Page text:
'The worst calories': Sugar even more harmful than it seems, study finds
The research – conducted by pediatric endocrinologist Robert Lustig at UCSF Benioff Children's Hospital in San Francisco, and Jean-Marc Schwarz of the College of Osteopathic Medicine at Touro University California – examined 43 obese children who had high blood pressure, unhealthy cholesterol levels, or signs of too much fat in their livers. The children were between the ages of nine and 18.
The children were put on a restricted diet which eliminated added sugar from sodas, sweet, and other foods.
Sugar intake was reduced from about 28 percent of total calories to about 10 percent. Fructose – a form of sugar believed to be particularly bad for health – was reduced from 12 percent to four percent of total calories.
Sugary foods were then replaced with starchier alternatives, such as hot dogs, potato chips, and pizza.
"This 'child-friendly' study diet included various no- or low-sugar added processed foods including turkey hot dogs, pizza, bean burritos, baked potato chips, and popcorn that were purchased at local supermarkets," the study authors wrote.
Each child's caloric intake closely resembled the amount they ate before the study began. However, the children reported feeling less hungry with the new diet.
"They told us it felt like so much more food, even though they were consuming the same number of calories as before, just with significantly less sugar. Some said we were overwhelming them with food," Schwarz said.
After weighing themselves daily as part of the study's requirements, one-third of the children said they could not eat enough food to stop losing weight. The children lost an average of nearly two pounds in just nine days.
"I have never seen results as striking or significant in our human studies; after only nine days of fructose restriction, the results are dramatic and consistent from subject to subject,” Schwarz added.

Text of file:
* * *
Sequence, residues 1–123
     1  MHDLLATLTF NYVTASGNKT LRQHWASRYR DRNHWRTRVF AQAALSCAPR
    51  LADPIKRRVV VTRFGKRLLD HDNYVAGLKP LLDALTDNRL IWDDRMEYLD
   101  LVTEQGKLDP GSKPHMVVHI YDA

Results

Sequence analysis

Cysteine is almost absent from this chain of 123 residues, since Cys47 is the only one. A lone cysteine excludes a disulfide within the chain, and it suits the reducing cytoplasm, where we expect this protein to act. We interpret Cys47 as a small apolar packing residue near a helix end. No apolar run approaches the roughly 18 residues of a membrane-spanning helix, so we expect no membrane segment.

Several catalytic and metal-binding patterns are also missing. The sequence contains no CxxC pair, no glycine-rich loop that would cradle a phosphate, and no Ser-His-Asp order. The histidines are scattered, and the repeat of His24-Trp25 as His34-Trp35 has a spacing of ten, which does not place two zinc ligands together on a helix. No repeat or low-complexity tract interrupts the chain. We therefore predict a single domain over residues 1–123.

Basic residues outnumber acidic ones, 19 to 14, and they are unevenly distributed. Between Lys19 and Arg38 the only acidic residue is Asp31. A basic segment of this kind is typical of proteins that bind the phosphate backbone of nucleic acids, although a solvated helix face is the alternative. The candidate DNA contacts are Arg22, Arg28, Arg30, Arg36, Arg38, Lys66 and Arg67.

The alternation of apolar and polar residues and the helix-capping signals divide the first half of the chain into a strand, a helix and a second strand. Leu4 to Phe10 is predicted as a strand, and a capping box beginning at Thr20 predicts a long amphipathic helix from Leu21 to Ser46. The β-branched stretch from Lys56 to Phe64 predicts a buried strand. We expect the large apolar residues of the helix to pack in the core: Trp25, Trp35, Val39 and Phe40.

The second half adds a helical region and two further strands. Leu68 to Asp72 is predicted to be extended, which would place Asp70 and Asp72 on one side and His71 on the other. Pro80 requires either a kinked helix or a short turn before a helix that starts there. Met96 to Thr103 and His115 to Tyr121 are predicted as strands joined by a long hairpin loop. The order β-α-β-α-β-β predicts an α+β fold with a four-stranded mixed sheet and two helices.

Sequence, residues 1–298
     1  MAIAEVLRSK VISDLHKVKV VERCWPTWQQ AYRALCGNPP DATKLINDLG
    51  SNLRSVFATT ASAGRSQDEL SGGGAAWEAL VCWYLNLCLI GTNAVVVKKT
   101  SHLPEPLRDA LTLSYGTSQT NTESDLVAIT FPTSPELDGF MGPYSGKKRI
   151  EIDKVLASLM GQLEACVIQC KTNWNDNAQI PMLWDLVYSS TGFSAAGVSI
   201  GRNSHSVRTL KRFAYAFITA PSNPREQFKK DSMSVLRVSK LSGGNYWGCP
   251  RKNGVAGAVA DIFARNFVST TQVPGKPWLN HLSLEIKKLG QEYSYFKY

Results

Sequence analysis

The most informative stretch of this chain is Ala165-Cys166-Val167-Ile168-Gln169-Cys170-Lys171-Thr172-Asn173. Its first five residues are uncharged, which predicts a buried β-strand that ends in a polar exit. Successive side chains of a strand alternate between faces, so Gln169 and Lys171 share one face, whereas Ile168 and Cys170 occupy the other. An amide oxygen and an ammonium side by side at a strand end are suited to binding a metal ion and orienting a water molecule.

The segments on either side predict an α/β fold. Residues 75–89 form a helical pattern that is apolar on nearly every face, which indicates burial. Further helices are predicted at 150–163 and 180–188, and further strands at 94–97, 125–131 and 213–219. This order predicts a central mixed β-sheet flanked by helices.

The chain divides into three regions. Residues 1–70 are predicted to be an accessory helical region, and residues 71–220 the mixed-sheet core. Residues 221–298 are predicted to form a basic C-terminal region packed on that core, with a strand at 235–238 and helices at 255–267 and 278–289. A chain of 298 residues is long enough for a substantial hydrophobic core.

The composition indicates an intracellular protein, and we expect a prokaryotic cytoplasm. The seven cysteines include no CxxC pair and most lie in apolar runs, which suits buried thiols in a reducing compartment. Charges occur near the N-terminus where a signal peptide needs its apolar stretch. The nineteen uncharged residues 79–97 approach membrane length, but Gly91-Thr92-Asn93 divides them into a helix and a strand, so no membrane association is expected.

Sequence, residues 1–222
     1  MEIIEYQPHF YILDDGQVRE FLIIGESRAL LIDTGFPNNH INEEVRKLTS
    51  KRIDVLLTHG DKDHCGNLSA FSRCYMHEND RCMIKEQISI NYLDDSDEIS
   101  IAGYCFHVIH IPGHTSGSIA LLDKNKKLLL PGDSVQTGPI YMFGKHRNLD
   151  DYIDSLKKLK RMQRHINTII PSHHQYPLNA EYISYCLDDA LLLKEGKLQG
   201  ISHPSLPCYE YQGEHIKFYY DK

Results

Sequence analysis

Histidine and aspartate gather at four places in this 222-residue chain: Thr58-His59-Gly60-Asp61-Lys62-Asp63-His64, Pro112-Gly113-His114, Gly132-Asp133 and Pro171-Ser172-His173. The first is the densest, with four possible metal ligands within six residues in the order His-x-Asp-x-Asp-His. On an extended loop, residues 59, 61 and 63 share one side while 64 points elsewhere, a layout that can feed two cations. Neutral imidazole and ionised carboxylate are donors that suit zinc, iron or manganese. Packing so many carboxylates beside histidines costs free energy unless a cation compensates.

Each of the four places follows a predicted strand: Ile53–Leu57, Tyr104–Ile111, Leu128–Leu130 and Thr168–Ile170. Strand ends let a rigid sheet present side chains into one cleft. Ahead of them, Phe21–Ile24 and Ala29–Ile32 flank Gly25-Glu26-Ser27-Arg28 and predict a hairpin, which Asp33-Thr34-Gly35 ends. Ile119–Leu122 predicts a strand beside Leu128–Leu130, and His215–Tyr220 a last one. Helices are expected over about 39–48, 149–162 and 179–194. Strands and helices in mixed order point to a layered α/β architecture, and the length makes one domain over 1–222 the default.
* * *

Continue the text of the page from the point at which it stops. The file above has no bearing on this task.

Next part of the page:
Blood pressure went down by an average of five points. The triglyceride measurement of cholesterol fell by 33 points, and low-density lipoprotein (LDL, also known as “bad” cholesterol) fell by 10 points. Blood sugar and insulin levels also fell. Glucose tolerance and the amount of excess insulin circulating in the blood improved.
"Every aspect of their metabolic health got better, with no change in calories," Lustig said, adding that sugar isn't harmful because of its calories or its effect on weight, but rather “because it's sugar.”
He stressed the study proves “a calorie is not a calorie.”
"Where those calories come from determines where in the body they go. Sugar calories are the worst, because they turn to fat in the liver, driving insulin resistance, and driving risk for diabetes, heart and liver disease," he said.
The study was published in the journal Obesity on Monday. The researchers noted that further examination is needed to determine whether the short-term gains in health with low-sugar diets remain present in the longer term.